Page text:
Thermal flow sensor in probe design with shaft diameter 10 mm and transducer U10b integrated in the connection housing. For applications in pipes with inside diameter from 25 mm.
Measuring instruments having a WiFi interface can be accessed by a web-enabled device via the web interface. It is also possible to check and transfer performance data and to change the device settings. With this new generation of sensors the same unit can be used for a variety of gases also in ex-applications categories 3G and 3D (zone 2 and zone 22). Recalibration or return to the manufacturer when there’s a change of gas won’t be necessary anymore. Only the adequate gas characteristics stored in the device have to be set on the sensor.
Probe material: stainless steel.
Working temperature range -10 ... +140 °C.
Pressure resistance up to 16 bar.
Measuring of air/gas velocity, compressed air and gas consumption, leakage flows, laminar flow in clean rooms or machines, in outgoing air, burner supply air, in HVAC systems and air in the low vacuum range at pressures greater than 200 hPa absolute.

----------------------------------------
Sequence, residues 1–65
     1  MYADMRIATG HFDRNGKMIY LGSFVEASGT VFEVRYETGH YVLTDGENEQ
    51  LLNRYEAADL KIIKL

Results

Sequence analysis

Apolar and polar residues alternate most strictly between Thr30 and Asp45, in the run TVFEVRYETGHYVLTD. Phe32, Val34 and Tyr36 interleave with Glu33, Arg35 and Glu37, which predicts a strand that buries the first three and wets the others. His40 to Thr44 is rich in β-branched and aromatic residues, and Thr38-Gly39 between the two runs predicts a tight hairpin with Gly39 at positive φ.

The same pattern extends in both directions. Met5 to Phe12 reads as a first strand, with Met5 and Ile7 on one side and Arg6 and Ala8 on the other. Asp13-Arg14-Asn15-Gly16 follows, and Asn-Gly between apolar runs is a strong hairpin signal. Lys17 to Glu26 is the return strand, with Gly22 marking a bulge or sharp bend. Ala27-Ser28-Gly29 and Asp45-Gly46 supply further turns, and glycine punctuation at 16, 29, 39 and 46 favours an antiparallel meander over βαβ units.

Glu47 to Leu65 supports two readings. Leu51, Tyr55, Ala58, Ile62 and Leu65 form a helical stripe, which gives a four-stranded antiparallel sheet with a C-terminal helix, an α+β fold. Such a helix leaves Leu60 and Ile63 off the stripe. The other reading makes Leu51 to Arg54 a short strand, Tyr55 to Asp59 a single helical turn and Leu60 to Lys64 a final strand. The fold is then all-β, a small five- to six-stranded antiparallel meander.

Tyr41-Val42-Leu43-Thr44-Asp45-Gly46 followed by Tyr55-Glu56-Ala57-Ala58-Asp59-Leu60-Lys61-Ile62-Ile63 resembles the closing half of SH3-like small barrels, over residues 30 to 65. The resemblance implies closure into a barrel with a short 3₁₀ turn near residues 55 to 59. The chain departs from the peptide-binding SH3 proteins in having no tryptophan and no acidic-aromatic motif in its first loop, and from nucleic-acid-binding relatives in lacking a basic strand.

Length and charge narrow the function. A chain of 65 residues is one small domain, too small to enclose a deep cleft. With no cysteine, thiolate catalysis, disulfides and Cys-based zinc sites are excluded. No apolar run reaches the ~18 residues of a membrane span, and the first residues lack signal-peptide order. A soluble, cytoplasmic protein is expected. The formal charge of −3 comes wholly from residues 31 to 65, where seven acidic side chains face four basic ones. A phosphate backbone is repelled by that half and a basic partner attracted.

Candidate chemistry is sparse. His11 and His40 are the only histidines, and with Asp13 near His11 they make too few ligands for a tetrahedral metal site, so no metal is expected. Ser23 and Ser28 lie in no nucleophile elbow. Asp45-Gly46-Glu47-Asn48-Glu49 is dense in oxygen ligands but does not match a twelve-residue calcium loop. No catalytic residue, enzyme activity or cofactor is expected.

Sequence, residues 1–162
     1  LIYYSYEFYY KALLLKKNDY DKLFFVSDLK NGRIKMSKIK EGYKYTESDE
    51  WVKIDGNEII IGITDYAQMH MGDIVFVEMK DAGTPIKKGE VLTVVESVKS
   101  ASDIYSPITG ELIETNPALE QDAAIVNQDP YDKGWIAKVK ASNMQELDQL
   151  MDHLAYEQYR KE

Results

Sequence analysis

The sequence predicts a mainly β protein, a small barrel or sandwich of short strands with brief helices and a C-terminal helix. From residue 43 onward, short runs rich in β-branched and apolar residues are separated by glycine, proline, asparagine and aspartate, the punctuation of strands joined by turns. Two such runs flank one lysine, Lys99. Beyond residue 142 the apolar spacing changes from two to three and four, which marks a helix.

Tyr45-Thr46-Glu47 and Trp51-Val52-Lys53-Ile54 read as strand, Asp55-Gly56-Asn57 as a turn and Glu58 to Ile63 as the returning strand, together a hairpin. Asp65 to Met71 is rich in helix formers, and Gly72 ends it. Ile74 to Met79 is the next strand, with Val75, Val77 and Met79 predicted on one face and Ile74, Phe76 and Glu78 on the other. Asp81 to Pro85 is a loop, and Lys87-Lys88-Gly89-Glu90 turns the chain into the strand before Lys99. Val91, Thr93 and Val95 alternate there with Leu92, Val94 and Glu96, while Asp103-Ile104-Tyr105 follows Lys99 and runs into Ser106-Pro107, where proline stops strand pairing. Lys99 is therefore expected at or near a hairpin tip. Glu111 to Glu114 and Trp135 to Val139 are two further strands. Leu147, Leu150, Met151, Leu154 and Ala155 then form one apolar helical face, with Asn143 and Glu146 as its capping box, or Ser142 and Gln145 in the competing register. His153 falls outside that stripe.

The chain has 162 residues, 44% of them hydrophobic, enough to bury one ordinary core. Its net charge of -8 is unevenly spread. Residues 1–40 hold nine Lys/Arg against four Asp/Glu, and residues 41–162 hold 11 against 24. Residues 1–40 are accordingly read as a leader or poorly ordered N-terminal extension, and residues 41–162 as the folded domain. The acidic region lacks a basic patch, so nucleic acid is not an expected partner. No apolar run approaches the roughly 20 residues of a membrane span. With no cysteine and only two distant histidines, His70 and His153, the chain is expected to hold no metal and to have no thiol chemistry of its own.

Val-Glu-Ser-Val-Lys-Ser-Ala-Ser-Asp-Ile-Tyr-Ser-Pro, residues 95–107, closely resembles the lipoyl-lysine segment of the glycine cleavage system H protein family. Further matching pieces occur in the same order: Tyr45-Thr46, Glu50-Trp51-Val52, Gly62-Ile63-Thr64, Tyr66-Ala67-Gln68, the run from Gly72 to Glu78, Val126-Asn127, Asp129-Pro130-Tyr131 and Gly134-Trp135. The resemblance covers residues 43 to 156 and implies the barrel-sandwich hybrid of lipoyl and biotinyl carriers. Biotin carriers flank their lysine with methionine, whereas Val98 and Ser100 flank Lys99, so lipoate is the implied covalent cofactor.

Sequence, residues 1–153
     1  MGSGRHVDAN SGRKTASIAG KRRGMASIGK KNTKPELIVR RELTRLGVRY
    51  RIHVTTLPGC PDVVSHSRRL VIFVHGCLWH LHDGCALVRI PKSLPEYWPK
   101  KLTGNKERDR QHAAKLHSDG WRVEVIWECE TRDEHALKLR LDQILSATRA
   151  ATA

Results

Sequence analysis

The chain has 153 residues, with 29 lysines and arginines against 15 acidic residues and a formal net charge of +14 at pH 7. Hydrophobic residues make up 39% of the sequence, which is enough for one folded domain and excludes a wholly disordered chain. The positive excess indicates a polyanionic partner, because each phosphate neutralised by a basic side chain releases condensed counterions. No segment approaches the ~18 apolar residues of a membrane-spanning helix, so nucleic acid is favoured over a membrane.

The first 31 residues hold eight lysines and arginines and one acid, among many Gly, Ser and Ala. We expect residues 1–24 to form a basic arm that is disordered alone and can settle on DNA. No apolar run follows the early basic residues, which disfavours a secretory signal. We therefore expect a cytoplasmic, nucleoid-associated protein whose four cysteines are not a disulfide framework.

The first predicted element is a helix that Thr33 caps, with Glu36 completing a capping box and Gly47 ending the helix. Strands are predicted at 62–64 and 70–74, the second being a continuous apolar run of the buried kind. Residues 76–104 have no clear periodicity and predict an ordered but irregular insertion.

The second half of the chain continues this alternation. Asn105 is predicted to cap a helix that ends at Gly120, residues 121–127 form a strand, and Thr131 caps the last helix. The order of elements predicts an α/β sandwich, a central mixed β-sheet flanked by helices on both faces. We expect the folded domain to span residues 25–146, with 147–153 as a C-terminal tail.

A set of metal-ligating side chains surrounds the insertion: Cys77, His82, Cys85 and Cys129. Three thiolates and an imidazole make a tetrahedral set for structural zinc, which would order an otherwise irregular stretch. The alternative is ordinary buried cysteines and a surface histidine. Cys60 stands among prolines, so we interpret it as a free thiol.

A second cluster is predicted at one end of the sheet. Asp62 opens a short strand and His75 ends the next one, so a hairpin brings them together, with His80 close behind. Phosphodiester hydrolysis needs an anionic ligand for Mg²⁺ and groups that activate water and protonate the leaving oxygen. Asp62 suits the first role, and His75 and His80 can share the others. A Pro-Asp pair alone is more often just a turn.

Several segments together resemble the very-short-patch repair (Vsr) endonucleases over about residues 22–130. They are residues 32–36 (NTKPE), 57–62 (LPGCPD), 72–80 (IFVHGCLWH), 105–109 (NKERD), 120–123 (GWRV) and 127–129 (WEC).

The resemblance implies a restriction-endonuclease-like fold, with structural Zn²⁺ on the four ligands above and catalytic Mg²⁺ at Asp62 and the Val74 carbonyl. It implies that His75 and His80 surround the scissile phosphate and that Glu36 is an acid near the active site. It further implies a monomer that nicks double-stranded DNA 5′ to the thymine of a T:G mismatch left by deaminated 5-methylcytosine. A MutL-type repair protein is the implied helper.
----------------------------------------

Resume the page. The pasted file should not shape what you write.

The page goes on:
Configurable via an optional keypad in the housing lid or via WiFi interface.
Examples for common applications:
Thermal post-combustion after chemical installations
Environmental management DIN EN ISO 50001 / Measurement of compressed air consumption
Sludge aeration air in sewage plants
Visualising rotational flow in gas flows
0.2 ... 200 m/s
up to 16 bar / 1.6 MPa above atmospheric
-10 ... +140 °C
air (compressed air), nitrogen, methane, natural gas, propane, butane
argon, carbon dioxide, sulphur hexafluoride, helium, hydrogen, landfill gas, oxygen, …
Standard flow velocity [Sm/s],
Standard flow rate [Sm³/h] or [Sl/min],
mass flow rate [kg/h],
standard volume [Sm³],
Temperature [° C, ° F],
With optional M-Bus: standard flow rate, mass flow rate, standard volume.
IP protection type
IP65 (connection housing)
Type of protection
ATEX category 3G and 3D (zone 2 and 22) (optional)
2 analog output 4-20 mA, linear, freely configurable
relay for quantity pulse